And there are stories of intrigue, including information about underground networks of resistance and secret agents – like that of George Barker, who was prosecuted for hiding men who were evading the military in a secret dug-out below his bicycle shop.

These local stories are told in a booklet being launched at the festival; Refusing to Kill: Bristol's World War I Conscientious Objectors by Remembering the Real World War 1 is in M Shed at 2pm on Saturday 27 April. They are also told in a puppet show and puppet walk by local puppet theatre company Otherstory.

The festival lead, Professor Lois Bibbings, from the University of Bristol Law School, is an expert on World War One conscientious objection to military service. She is currently writing a history of the Shot at Dawn campaign, which saw the Government pardon over 300 soldiers who were shot at dawn for cowardice or desertion by the British Army during World War One.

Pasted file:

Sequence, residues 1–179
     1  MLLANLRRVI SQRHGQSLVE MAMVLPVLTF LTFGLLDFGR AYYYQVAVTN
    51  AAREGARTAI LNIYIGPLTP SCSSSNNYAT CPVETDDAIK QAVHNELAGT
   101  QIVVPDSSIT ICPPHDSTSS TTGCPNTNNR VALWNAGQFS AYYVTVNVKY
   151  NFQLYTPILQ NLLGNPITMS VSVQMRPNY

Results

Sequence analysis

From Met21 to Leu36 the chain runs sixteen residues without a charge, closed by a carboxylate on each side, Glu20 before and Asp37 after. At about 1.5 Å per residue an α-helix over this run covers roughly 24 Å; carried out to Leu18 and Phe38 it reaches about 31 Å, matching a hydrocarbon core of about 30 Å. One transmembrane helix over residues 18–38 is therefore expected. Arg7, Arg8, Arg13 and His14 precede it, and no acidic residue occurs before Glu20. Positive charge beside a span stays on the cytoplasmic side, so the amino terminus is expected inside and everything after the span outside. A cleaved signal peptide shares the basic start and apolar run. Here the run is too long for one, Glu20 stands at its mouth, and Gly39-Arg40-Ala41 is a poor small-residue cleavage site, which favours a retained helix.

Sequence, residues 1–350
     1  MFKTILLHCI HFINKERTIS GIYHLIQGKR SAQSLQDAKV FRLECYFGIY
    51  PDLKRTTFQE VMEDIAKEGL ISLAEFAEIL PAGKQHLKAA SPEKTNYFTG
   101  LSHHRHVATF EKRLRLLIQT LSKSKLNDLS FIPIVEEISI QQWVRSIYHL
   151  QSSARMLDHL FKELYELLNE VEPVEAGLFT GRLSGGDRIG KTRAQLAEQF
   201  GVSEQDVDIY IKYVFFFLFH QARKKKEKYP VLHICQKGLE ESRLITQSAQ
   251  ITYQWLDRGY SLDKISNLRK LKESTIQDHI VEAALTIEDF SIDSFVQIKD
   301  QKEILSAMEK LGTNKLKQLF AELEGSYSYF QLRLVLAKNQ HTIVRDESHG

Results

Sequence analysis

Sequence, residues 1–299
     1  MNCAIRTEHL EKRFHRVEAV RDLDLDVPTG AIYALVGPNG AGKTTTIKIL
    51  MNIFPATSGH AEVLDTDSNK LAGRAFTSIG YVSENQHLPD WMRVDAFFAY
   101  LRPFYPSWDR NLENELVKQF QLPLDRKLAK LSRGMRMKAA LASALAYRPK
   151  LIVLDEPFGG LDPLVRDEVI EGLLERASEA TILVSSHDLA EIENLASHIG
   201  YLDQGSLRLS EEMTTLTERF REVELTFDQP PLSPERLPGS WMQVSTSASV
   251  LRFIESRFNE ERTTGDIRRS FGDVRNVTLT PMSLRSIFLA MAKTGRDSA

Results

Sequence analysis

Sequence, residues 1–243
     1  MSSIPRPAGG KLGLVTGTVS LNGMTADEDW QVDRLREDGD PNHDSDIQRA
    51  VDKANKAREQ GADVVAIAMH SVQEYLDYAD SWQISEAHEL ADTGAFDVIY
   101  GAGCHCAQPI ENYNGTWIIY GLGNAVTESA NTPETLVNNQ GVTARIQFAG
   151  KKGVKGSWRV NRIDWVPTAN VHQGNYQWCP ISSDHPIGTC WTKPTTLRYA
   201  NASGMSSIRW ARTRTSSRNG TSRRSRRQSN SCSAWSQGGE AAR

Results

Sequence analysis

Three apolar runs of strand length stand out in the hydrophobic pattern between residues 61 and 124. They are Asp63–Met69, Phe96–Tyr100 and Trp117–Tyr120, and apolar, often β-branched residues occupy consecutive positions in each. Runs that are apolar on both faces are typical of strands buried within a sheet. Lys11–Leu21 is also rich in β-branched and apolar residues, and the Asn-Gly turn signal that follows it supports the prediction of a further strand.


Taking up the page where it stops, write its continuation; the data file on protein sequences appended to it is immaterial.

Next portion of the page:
Professor Bibbings said: "This national festival presents a rich and complex picture of the First World War, by highlighting aspects which have been missed or barely touched upon by centenary activities to-date – including looking at internment, war resistance, mutinies, conscientious objection, miscarriages of justice, the British Caribbean experience of the war and its legacies, how the war shaped Gandhi’s rise to prominence in India and the path to independence.

"It also offers the opportunity to examine legacy and commemoration, to reflect on what has happened since in terms of the treatment of veterans and conscientious objectors, to focus on present day efforts at peacebuilding."

Throughout April and May there are exhibitions, performances, films in venues across the city. Some of these additional events are part of the festival; others are organised to coincide with the festival and with International Conscientious Objectors' Day on 15 May.